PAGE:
Drawing voters to the polls will be numerous levy items and contested local races, and also Issues 1 and 2 — statewide issues related to abortion and adult-use marijuana legalization, respectively. Polling locations open at 6:30 a.m. Tuesday across Ohio and close at 7:30 p.m.
Busy early voting
In-person early voting ended on Sunday, but election officials are still processing mailed-in or dropped-off ballots.
The Montgomery County Board of Elections on Monday reported that the county is seeing a 15% increase in early voters compared to the August special election.
The Board also surpassed early voting figures compared to the Nov. 2, 2021 election — the most recent election similar to this one — within the first full week of early voting.
Montgomery County Board of Elections Director Jeff Rezabek reported that his staff helped between 400 and 800 voters per hour during in-person voting hours.
“We continue to refine our ability to make sure voters are getting the ballots and voters have the opportunity to come in during those early voting hours,” he said on Monday during the Montgomery County Board of Elections’ regular meeting.
Returning absentee ballots
The postmark deadline for mailed-in absentee ballots was Monday.
Voters who did not mail their ballots on Monday have until 7:30 p.m. on Election Day to turn in their ballots to their local election boards or drop off their ballots in their county’s drop box.
Some voters in the area have reported not receiving an absentee ballot after mailing or dropping off a ballot request form before the Oct. 31 deadline.
Rezabek urged voters who have not received their absentee ballot after requesting one to call their local election board office for next steps. Voters will likely be asked to cast a provisional ballot at their polling location on Tuesday.
Find your polling location
Registered voters are assigned a polling location based on the precinct they reside in. Montgomery County has 381 precincts.
Voters can look up their polling location address online at either the Ohio Secretary of State’s or their local election board website. Voters can also call their local election board office for more information regarding polling locations.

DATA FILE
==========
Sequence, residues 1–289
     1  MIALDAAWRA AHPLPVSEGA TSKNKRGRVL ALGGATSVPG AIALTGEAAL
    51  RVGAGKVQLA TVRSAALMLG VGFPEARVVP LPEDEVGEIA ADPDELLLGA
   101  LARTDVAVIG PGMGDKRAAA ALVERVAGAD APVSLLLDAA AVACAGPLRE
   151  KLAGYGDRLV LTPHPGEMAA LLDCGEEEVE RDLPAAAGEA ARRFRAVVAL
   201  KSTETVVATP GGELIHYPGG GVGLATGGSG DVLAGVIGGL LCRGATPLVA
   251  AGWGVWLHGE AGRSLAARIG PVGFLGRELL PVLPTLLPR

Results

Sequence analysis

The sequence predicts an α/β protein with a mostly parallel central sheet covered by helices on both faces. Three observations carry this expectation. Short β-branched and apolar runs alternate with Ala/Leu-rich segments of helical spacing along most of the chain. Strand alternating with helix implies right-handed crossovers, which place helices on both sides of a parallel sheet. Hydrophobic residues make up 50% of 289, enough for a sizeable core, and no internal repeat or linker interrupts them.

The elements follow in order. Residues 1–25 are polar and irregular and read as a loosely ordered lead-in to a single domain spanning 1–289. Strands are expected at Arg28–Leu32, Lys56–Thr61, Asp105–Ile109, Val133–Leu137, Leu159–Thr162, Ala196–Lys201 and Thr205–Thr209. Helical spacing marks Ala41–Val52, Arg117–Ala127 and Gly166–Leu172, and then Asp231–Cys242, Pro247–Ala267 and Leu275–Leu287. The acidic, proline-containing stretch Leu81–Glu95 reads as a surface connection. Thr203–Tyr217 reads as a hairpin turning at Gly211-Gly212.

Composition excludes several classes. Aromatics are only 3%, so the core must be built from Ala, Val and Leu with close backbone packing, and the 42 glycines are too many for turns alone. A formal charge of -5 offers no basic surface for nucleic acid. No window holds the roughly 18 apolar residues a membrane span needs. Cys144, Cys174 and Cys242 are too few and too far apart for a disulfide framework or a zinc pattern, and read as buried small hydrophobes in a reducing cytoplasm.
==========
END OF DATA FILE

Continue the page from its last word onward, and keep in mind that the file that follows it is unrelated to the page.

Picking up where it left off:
Bring the right ID
Ohio voting law that went into effect this spring requires voters to present a state-issued photo ID when voting in-person. This can include a military ID card, a passport, an Ohio driver’s license or an Ohio state ID. State ID cards are free to all Ohioans who are 17 years old or older.
Rezabek reminded voters to make sure they’re bringing an unexpired ID card with them on Election Day. Expired photo IDs cannot be accepted.
Voters who lack a valid photo ID can still vote provisionally on Election Day, but they will need to prove their identity to their local election board by presenting a valid ID within four days of the election. For this election, that date is Nov. 13 due to the Veterans Day holiday.
Two state issues
All Ohio ballots will feature two statewide issues, as well as local levies and contested races.
Issue 1 is a citizen-initiated amendment that would, among other things, grant all “individuals” the right of reproductive autonomy. Issue 1 would also block the state from interfering with any reproductive decisions or penalizing Ohioans for making or aiding those decisions. A “yes” vote is in approval of the initiative, while a “no” vote is in rejection of the initiative.
Issue 2 would legalize recreational marijuana use for adults 21 years old or older, legalize home cultivation of a limited amount of marijuana plants and regulate the recreational industry. A “yes” vote is in approval of the initiative, while a “no” vote is in rejection of the initiative.
Voters can find out what local issues and candidates will appear on their ballot by visiting the Ohio Secretary of State’s website and pulling up their sample ballot.
Dayton Daily News sent Voters Guide invitations to all candidates in competitive races. Voters can read responses from their local candidates by visiting the newspaper’s Voter Guide at daytondailynews.com/voter-guide.
Visit our website on election night for the latest election results.
Disabilities and voting
In Ohio, every polling location is required to be accessible for people with disabilities. Polling locations are required to have accessible voting equipment available, set up and ready for voters to mark their ballot with privacy.
But voters who cannot enter their polling locations due to their disabilities have a right to curbside voting, according to Disability Rights Ohio, an advocacy group.
A voter with a disability may send another person into the polling location to inform poll workers of the voter’s desire to vote curbside. Two poll workers from opposite major political parties will bring out a ballot, and voters will have the option to sit in their vehicle to vote or vote at the door of the polling location, according to the Ohio Secretary of State.
Disability Rights Ohio operates a hotline on Election Day to help voters with disabilities who have questions or experience issues with voting. The hotline can be reached at 614-466-7264 or 800-292-9181 during open polling hours.
Election Day concerns
Other contacts for voting assistance also exist. Voters with questions or concerns about their polling locations or any other voting-related matter should contact their local election board.
Voters also can reach out to the nonpartisan Election Protection voter hotline at 866-OUR-VOTE.
Dayton Daily News also wants to hear from voters. The newsroom can be reached at 937-610-7502.